[Owasp-board] Flagship Code Products

Josh Sokol josh.sokol at owasp.org
Fri Mar 28 14:07:06 UTC 2014

I'm imagining you "hulk like angry" like the old skool game of Rampage and
it's pretty awesome.

To be fair, there are several other, bigger picture, reasons why I've
decided not to make SimpleRisk an OWASP project.  As a Board member I'm
held (and hold myself) to extra scrutiny and I don't feel comfortable
donating some of my code while withholding the other parts that I've deemed
"Enterprise functionality" for my paid-for SimpleRisk Extras.  And basing a
SaaS model off of an OWASP project feels kinda shady to me as well.  Maybe
this is a model that OWASP should consider supporting as it would
incentivize developers to bring their work to OWASP knowing that the extra
visibility can drive interest in their paid-for offerings, but I'm not
willing to let my name and reputation be the guinea pig for that trial.

Is there some way to focus the Google Summer of Code efforts on fixing the
bugs in the flagship projects to make them seaworthy again?  Could we maybe
figure out a way to assign point values and create a reward system to
incentivize independent developers to bring them up to snuff?  We need to
be realistic in that idealism and volunteerism will only get us so far in
fixing this problem and money is the thing that ultimately makes many
people get off their asses and do work.  I believe the OWASP Austin Chapter
is going to donate $10k of our chapter funds back to the OWASP Foundation.
Would it make sense to use that unexpected money toward this effort?


On Fri, Mar 28, 2014 at 8:01 AM, Jim Manico <jim.manico at owasp.org> wrote:

>  I see code flagship projects as being
> Dependency Check
> OWASP HTML Sanitizer
> Maybe AntiSamy if they clean their bugs
> OWASP Java Encoder
> OWASP JSON Sanitizer
> THREE of these projects I am project manager of, I applied to get them
> reviewed last year and they are all still stuck in incubator stage. I'm
> miffed at best. There is so little benefit to doing all of this at OWASP I
> am inclined to shift them all to Apache where they will get real visibility
> and support. Josh once said he was not going to bring his project to OWASP
> and it made me HULK LIKE ANGRY but I finally see his point.
> - Jim
> On 3/28/14, 6:20 PM, Eoin Keary wrote:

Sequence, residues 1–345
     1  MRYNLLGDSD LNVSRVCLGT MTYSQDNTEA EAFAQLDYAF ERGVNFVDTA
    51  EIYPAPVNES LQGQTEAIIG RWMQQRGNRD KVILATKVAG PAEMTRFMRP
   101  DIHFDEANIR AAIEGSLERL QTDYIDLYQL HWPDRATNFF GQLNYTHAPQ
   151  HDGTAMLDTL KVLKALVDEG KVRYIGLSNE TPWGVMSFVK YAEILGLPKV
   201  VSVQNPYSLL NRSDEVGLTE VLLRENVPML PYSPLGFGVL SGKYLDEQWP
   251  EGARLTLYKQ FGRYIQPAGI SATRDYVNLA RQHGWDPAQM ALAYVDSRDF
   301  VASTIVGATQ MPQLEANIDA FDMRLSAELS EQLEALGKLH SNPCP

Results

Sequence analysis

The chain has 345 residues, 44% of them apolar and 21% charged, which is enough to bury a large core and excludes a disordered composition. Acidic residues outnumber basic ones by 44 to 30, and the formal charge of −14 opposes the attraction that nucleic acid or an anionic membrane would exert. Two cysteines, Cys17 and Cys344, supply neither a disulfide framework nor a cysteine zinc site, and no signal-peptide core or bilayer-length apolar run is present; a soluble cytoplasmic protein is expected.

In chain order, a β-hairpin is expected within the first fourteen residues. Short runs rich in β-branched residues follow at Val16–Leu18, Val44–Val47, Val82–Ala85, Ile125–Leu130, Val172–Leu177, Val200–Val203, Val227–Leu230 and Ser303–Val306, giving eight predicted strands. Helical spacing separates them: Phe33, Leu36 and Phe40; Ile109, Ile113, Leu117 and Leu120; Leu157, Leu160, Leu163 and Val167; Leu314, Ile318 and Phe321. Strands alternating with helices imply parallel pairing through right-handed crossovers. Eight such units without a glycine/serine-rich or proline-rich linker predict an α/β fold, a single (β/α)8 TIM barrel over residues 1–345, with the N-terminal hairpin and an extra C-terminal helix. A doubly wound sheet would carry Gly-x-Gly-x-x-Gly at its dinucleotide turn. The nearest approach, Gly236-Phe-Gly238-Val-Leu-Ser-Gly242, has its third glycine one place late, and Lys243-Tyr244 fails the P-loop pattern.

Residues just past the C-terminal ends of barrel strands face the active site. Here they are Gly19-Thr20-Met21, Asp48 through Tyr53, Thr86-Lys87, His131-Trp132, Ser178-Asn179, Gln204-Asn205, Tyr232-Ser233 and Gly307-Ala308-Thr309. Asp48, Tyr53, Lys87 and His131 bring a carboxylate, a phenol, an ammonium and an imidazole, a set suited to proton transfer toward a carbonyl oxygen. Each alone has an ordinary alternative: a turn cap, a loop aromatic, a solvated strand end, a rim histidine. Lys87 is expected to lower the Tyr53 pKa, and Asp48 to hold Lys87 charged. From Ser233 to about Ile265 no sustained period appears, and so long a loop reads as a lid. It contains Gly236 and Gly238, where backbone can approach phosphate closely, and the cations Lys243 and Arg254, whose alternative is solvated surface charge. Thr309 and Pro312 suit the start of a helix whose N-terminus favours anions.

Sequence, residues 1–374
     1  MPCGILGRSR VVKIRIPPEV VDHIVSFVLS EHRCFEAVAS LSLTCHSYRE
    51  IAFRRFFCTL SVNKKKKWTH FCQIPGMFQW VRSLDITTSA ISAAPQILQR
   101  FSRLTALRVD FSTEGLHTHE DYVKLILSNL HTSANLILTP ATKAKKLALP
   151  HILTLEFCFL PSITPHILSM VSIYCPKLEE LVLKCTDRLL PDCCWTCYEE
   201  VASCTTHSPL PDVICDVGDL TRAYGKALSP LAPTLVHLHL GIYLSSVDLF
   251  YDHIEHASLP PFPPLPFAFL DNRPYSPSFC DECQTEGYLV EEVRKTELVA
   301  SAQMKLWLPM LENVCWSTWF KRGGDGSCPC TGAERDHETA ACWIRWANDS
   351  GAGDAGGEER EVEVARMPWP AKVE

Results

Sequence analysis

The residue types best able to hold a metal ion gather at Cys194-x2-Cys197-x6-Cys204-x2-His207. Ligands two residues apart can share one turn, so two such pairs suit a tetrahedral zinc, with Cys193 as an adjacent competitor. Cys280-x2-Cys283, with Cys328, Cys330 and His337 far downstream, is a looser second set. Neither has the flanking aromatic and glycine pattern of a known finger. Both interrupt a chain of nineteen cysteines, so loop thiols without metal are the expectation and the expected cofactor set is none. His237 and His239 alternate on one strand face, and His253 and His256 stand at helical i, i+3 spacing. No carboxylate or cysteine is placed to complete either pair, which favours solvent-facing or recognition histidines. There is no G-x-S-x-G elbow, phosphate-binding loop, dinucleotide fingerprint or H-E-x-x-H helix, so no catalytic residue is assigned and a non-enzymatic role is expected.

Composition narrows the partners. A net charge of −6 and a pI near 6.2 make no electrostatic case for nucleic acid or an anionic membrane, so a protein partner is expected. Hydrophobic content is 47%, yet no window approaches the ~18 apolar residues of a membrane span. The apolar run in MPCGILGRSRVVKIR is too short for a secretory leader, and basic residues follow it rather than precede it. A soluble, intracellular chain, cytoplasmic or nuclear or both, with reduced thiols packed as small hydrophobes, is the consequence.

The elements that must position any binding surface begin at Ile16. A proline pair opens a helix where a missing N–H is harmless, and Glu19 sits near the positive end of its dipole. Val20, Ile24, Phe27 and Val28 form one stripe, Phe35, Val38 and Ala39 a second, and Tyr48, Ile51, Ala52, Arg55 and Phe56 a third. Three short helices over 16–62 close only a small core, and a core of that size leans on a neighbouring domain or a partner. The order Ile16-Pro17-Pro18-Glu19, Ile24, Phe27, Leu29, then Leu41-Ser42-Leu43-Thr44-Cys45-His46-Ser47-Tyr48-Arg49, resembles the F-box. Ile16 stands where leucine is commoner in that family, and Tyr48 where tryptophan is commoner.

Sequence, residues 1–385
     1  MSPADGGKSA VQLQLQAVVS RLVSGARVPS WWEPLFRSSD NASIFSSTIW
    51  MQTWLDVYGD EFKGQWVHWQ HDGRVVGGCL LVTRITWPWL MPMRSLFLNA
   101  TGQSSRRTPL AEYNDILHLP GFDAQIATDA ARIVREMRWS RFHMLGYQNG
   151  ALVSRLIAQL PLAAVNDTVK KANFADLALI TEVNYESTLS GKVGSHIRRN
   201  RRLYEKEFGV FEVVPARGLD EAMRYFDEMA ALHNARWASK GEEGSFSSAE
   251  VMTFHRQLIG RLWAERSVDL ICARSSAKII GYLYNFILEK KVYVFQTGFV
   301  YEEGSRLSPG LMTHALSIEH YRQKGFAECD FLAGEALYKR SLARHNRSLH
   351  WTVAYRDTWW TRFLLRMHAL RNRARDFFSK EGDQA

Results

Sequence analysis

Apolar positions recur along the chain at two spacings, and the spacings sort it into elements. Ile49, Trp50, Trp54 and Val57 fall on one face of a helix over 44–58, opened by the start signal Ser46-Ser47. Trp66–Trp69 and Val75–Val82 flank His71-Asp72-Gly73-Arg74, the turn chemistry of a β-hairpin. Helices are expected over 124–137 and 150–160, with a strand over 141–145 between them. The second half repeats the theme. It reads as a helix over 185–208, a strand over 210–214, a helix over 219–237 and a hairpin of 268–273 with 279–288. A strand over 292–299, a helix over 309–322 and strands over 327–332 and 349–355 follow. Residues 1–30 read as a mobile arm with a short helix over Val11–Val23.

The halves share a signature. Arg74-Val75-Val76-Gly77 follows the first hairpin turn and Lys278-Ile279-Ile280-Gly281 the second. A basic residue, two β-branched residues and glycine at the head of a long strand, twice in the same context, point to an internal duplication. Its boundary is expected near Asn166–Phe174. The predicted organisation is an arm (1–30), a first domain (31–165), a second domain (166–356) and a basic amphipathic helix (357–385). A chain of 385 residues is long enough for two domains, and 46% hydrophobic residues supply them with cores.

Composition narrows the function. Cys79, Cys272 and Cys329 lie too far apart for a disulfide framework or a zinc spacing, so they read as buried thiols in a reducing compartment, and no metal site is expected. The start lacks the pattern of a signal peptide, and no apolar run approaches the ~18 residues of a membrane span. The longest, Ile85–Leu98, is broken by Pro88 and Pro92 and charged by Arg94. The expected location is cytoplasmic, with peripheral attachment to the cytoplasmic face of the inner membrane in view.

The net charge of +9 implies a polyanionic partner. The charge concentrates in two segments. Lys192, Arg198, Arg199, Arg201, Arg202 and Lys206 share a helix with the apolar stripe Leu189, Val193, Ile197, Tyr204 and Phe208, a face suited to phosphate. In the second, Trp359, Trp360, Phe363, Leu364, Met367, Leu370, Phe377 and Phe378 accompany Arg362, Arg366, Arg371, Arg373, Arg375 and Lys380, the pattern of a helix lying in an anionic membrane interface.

> +1
> Flagships are IMHO
> Zap
> Testing guide
> Ciso
> Education/training
> Eoin Keary
> Owasp Global Board
> +353 87 977 2988
> On 28 Mar 2014, at 09:46, Jim Manico <jim.manico at owasp.org> wrote:
>   This makes me very sad.
> *Flagship Code Projects*
> * OWASP AntiSamy Project  <  Abandoned, had to pay someone to update the
> wiki, not project leads. Roadmap is from 2011, no updates, etc.
> * OWASP Enterprise Security API <  Abandoned, wiki out of date, old
> template, no code changes, we paid good money to have a codeathon in NYC
> and got... nothing.
> * WASP CSRFGuard Project <  Somewhat being maintained, abandoned by author
> but picked up by another leaders, but is a horrific design and only works
> on the most basic of websites. This is a bad bad design for complex web 2.0
> applications (since it uses JavaScript to inject tokes into the DOM which
> is fraught with error).
> * OWASP ModSecurity Core Rule Set Project <  Awesome updates, wiki updated
> by project owner,
> https://www.owasp.org/index.php/Category:OWASP_ModSecurity_Core_Rule_Set_Project
> I've been helping manage several production quality, highly scalable
> secure coding components (that were written by PhD level software
> engineers) and I'm sad to see them still stuck in incubator.  We also have
> projects like Dependency Check that are incredibly fantastic tools, still
> stuck in incubator.
> Samantha has been working hard on this, but every time I see our project
> list it really upsets me because when dev folks really try to use these
> components; it's so far from production quality that it makes us look
> really bad. No wonder we can't really get developers to be a part of our
> community or use our stuff.
> I am sure I will get flack for this, but I stand by my opinions that this
> is something that is critical to fix at OWASP. I was recently trying to get
> a software company to be the first top tier corporate sponsor, but as part
> of this, they looked at our flagship projects and wiki, saw how crusty they
> both were, and said "no way". Sad.
> - Jim
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